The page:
Posted by: Home Strange Home | September 14, 2009

Smallholder Farms in Africa

Oftentimes the focus of development discussions is on industrialization and manufacturing, which are seen as necessary for growth and modernization to occur.  Agriculture is given a backseat.  This shows itself in donor spending: less than 5% of aid in 2007 was spent on the agriculture sector.  Nor is there much support for agriculture within developing countries themselves; government spending on agriculture in developing countries is only 4% of public expenditure on average, reflecting the “urban bias” of many governments whose political constituencies reside in the largest cities. 

And yet so many of the world’s poor live in rural areas and rely on agriculture for their livelihoods.  While there is a worldwide trend toward urbanization, 75% of the world’s poor still live in rural areas.  There are an estimated 500 million small farms in developing countries, collectively supporting 2 billion people.  

In Africa in particular, agriculture is extremely important to the economy  In many African countries, agriculture is the biggest private sector business.  Agriculture accounts for approximately 30% of GDP in Sub-Saharan Africa, 40% of its exports, and 80% of its employment.  Whereas developed countries often have large scale, capital-intensive, mechanized farms, in Africa labour-intensive smallholder farms account for 95% of agriculture and are an important source of employment.  There are an estimated 80 million smallholder farms in Africa.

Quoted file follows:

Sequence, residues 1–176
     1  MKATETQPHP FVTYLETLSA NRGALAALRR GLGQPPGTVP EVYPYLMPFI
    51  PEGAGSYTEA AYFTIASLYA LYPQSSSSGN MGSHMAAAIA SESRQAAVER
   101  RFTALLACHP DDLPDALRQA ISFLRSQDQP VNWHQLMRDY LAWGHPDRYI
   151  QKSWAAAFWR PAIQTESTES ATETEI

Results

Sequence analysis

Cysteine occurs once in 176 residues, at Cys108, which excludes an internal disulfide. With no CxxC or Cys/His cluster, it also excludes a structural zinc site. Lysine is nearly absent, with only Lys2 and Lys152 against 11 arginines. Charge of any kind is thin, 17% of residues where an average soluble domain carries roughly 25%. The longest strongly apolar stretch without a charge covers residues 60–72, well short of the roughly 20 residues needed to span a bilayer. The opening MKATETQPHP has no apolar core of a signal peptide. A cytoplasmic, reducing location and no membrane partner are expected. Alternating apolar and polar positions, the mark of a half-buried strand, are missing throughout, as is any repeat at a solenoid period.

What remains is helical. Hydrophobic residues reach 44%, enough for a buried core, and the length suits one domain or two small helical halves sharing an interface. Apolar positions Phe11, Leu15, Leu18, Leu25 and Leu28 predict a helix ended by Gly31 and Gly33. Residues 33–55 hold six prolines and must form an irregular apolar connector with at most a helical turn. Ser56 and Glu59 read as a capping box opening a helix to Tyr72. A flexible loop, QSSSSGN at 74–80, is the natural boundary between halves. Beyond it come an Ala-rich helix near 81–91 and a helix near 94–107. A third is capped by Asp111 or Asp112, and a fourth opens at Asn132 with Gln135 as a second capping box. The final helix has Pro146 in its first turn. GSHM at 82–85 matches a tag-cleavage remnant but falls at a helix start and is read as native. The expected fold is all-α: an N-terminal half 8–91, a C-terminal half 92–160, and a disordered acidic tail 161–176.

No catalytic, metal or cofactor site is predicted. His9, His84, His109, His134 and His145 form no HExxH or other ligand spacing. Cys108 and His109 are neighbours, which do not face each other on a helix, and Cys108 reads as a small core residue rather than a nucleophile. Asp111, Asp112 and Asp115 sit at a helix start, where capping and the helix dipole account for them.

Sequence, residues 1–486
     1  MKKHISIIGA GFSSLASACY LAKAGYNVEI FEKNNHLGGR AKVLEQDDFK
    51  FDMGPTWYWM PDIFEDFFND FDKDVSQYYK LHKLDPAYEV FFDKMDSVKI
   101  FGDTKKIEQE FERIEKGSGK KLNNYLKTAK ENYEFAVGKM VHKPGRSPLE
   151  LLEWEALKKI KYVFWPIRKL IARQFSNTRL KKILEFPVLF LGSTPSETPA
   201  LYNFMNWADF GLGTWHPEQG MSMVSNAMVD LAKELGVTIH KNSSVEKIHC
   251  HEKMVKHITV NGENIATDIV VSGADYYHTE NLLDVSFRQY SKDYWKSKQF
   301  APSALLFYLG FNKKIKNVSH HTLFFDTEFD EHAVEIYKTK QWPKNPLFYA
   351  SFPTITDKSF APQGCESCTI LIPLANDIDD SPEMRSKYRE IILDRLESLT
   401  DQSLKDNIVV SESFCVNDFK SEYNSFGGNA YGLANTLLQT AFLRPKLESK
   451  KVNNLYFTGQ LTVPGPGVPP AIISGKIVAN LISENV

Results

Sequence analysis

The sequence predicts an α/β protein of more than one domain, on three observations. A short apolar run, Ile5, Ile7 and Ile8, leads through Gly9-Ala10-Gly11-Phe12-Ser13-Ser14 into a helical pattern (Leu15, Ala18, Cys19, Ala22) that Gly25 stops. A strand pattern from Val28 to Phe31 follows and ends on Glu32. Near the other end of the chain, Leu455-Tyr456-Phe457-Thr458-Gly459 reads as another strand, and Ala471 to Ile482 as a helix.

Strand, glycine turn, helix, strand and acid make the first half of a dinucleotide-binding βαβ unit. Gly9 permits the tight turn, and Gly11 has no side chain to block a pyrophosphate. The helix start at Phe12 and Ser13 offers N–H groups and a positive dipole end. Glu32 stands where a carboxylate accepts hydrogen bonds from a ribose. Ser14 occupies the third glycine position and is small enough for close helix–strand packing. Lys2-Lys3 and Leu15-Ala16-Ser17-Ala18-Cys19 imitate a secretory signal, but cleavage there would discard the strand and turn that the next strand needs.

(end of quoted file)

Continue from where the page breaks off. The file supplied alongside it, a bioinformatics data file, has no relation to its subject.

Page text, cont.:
The International Fund for Agricultural Development (IFAD), an agency of the United Nations founded in 1977, seeks to increase investment in smallholder farms in Africa, whether it be through micro financing, agro-processing, or market access.  Currently 45% of IFAD funding goes to Africa.

Source: and Developments Issue 46  


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